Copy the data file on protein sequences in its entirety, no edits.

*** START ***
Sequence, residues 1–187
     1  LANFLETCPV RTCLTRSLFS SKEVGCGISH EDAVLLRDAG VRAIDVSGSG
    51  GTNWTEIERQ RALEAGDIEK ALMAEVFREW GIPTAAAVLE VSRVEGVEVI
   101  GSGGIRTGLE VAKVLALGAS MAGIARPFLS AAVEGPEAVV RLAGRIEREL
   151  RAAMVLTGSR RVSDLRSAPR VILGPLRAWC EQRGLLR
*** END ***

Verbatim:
Sequence, residues 1–187
     1  LANFLETCPV RTCLTRSLFS SKEVGCGISH EDAVLLRDAG VRAIDVSGSG
    51  GTNWTEIERQ RALEAGDIEK ALMAEVFREW GIPTAAAVLE VSRVEGVEVI
   101  GSGGIRTGLE VAKVLALGAS MAGIARPFLS AAVEGPEAVV RLAGRIEREL
   151  RAAMVLTGSR RVSDLRSAPR VILGPLRAWC EQRGLLR